Belly of Glittery Gold

From the edge of the field


He had jasmine in his hair the day we met. Standing there in his busy smoothie shop greeting sculpted yoga moms and tailored young men, he looked like a frat boy.

But his soft and clear brown eyes told me more.

I saw him notice me and then consciously not notice me so he could watch without notice. I was grateful, because I could not figure out what had piqued his interest.

The dark circles? The second-hand clothes? The naked face?

Maybe he had guessed the way I would light up when I began to dance with my four year old daughter before we even had a chance to stand in line.

If that was it, I knew I was in trouble.

His name was Love. I had been single for thirteen months. Believing in tender arms was more of a mantra than a part of my gait.

The smoothie I shared was good but expensive. Pineapple, pomegranate, strawberry, Greek yogurt and something else.

We didn’t speak the first time. I had to go back.

In the weeks that followed, I convinced myself that I was looking for some magical spark in his eyes, but the truth is, I was trying to find out if I could.

The signs were clear. Matthew abruptly changed the music when I came back on my own. Then he sat at our table the next time I brought my daughter.

“You must be a great dad.”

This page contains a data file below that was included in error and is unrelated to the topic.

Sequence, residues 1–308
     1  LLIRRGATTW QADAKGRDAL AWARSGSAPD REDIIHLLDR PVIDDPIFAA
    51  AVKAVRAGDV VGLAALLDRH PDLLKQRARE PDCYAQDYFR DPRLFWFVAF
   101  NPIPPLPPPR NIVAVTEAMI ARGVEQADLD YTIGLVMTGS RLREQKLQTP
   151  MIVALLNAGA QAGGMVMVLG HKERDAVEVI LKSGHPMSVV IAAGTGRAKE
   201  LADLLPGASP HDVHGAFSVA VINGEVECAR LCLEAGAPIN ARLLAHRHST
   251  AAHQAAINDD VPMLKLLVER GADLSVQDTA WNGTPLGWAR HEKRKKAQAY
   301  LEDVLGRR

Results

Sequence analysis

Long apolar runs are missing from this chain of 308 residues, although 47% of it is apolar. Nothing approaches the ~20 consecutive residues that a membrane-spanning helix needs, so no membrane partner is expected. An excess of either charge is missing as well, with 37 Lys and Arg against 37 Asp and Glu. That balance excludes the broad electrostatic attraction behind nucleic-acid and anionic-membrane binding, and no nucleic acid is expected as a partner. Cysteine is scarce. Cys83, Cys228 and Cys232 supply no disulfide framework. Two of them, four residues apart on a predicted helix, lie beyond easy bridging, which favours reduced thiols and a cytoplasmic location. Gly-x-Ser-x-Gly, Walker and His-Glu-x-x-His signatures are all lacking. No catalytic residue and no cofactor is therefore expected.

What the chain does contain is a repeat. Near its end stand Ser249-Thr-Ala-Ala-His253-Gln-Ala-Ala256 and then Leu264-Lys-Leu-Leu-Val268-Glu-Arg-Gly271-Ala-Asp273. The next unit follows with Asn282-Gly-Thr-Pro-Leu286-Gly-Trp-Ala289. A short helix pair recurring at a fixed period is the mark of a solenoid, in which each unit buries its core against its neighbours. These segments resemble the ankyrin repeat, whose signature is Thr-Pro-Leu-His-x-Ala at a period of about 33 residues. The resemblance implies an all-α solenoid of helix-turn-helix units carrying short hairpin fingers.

He looked at his hands. “I try my best.”

As we headed toward something more, I started choosing my Pumas over my Vans.

My natural open awkwardness disappeared. I shook the shakiness from my hands before going into the shop.

I started to question if he was an Ash tree or an Aspen.

Everything about Matthew checked out. But all I had known was broken hearts. He didn’t fit into my categories, so I cut off little pieces of him until I recognized him as one whose heart I would break.

I hated being that person more than I hated having my heart broken.

I needed to make it quick, and from somewhere above my body, speed seemed reasonable.

My teenage self took over. One morning, exhausted after two weeks of broken, restless sleep, I went to make coffee and found none in the house.

I pulled a hat over my messy hair and headed to Matthew’s shop. I ordered a java blend to go.

“To go?” He was being playful, trying to make me smile.

I was terrified.

My exhausted, bitchy, pre-coffee teenage self was, like, the worst self I was willing to be in public.

And he wanted me to stay?

In my mind, I was flapping my arms like a crazed sparrow, but that was a me I would not be out loud.

I refused to smile. I was mean.

“Ya, to go.”

I looked down at my laced Pumas. I walked home mumbling ‘fuck’. I spent the day trying to warm my hands with the sunshine that graced the alley between my house and the next house.

I decided for him that he was wrong about me.

I walked by his shop about a week later wearing a ring that was given to me years before by a girlfriend.

Matthew was outside. My daughter wanted a smoothie. I told her we couldn’t have one.

I tried to walk fast. When I glanced up, he was watching me.

There was pain in his eyes.

I broke my own heart. But he’ll never know. And neither will anyone else.
photo taken from

Author: tendrilwise

Hi, I have a diploma in Journalism, I've published a novel, and I am currently studying psychology. My odd way of viewing the world either gets me kicked out of parties or invited to them. Jenn McKay

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